Aso was accompanied by his secretaries and Foreign Ministry officials. He paid a 20-second tribute to the 1,086 POWs of Australia, Britain, Canada, India, Italy, the Netherlands, Norway and the United States whose remains were kept at the temple.

Afterward, Aso said he had wanted to express his gratitude to the temple for honoring the deceased POWs for the past 60 years with little public recognition.

“With gratitude to the priests, I came to pray that the POWs might rest in peace,” he said.

About 20 priests, 60 local residents and a nephew of a deceased U.S. POW whose ashes were once held at the temple also attended the service. Foreign embassy officials stayed away as requested.

 

Aso Iizuka Golf Club, near the former Yoshikuma mine site

After the end of World War II, the Buddhist temple accepted urns containing the cremated remains of 1,086 POWs who had died at a POW camps in Osaka and elsewhere.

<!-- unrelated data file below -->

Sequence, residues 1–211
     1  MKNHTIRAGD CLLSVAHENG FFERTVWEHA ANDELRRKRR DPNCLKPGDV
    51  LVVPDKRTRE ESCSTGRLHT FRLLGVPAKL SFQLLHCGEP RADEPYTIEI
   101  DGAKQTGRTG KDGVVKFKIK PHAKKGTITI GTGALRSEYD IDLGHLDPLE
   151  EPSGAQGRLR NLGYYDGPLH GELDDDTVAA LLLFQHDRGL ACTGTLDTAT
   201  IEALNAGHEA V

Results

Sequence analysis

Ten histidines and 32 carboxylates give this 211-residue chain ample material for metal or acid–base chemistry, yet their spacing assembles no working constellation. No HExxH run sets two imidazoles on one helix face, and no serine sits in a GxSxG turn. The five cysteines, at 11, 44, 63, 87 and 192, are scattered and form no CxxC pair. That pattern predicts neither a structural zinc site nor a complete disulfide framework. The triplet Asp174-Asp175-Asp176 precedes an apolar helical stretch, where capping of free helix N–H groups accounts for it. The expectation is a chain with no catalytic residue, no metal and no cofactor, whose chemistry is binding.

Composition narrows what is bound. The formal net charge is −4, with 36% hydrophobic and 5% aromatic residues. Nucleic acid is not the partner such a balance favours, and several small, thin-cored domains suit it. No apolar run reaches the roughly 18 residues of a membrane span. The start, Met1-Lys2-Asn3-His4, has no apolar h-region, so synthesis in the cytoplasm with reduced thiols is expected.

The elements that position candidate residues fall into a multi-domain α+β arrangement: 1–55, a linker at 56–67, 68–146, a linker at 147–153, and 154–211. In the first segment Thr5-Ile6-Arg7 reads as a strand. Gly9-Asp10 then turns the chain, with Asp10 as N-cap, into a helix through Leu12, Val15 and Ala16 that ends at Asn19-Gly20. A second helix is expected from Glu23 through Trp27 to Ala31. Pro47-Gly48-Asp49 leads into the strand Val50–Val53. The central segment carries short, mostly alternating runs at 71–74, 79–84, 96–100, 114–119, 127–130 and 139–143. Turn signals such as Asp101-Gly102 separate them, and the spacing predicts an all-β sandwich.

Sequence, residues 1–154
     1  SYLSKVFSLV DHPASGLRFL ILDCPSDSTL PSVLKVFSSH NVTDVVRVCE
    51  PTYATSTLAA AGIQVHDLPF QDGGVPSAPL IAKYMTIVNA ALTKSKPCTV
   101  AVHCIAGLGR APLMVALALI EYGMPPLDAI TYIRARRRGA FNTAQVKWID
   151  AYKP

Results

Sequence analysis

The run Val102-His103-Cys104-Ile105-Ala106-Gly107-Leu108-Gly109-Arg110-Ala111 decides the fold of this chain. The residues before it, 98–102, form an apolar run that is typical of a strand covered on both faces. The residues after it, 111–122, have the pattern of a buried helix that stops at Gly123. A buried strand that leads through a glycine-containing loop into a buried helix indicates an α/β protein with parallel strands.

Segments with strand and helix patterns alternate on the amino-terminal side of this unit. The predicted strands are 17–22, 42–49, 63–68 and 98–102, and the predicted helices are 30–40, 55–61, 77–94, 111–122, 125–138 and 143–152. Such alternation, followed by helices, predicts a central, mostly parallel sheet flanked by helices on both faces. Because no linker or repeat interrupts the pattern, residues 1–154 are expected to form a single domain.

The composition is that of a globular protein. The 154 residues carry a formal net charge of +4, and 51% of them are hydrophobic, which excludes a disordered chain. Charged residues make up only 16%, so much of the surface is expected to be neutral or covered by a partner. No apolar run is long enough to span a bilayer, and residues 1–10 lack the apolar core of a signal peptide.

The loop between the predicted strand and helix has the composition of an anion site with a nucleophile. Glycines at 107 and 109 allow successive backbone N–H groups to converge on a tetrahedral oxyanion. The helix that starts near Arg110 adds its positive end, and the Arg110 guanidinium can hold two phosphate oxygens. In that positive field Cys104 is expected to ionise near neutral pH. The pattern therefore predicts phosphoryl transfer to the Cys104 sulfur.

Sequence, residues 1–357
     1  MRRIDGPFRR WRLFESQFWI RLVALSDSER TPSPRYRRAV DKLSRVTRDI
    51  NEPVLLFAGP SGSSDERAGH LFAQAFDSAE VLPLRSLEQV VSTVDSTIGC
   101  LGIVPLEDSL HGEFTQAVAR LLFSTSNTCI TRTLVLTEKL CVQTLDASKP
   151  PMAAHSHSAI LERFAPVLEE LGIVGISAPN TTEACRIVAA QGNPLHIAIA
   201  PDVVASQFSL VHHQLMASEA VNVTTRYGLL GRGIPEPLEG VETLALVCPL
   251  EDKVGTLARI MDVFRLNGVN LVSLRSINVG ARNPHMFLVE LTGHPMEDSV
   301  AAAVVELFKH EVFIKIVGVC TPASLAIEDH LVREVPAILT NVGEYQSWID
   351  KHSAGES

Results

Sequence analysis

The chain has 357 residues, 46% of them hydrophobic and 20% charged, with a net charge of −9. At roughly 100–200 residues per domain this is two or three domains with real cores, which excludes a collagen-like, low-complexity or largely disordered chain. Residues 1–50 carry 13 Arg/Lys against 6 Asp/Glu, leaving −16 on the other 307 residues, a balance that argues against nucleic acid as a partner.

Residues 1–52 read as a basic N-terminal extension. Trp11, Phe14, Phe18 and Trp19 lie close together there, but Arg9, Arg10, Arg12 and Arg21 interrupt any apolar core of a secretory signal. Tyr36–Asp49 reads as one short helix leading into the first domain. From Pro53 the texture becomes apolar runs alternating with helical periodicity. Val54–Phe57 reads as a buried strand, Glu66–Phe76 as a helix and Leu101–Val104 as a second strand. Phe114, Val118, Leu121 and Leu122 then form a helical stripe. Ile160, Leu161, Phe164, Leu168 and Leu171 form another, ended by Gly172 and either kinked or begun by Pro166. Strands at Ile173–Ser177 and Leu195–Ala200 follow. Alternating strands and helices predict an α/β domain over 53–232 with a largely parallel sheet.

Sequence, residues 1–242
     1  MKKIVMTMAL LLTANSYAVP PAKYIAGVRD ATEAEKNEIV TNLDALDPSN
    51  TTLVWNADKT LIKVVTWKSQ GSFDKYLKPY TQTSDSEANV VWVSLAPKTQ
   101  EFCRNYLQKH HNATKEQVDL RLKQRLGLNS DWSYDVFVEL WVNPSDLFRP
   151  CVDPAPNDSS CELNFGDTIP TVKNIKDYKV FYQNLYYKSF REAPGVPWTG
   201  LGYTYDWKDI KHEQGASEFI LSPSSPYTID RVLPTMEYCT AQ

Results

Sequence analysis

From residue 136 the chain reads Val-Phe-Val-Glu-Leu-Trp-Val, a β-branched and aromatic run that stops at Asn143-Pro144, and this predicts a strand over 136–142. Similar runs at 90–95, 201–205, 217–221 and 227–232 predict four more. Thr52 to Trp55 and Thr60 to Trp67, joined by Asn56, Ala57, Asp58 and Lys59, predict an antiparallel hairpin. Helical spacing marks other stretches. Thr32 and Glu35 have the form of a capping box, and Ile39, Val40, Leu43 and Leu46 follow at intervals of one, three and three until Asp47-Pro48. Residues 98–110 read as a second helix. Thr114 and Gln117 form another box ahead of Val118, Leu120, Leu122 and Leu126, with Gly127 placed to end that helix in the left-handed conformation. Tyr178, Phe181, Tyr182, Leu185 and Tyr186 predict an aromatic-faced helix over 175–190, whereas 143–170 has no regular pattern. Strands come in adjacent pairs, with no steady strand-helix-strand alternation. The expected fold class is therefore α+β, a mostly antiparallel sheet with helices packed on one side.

Many remains have since been returned to the home countries of the deceased POWs. However, some remains are still kept in the pagoda at the temple, according to priests.

Some of the families of the deceased POWs and several consuls general of the allied nations have visited the temple, which conducts an annual memorial service each Aug. 25.

Konishi Yukio, chief priest at the temple, was clearly overjoyed at this first-ever visit by a Cabinet minister.

“It may have been an unofficial visit but a Cabinet member attended a service for the first time today, and I believe the spirits of the deceased servicemen must be relieved,” Konishi said.

Aso first expressed a wish to attend a remembrance service at the temple shortly after assuming his ministerial post in October. His office then contacted the temple in March and it was agreed that the remembrance service would be moved to Monday to fit in with Aso’s schedule, his secretary said.

Aso’s office invited ambassadors and consuls general to the service through the Foreign Ministry in June. Several were planning to attend.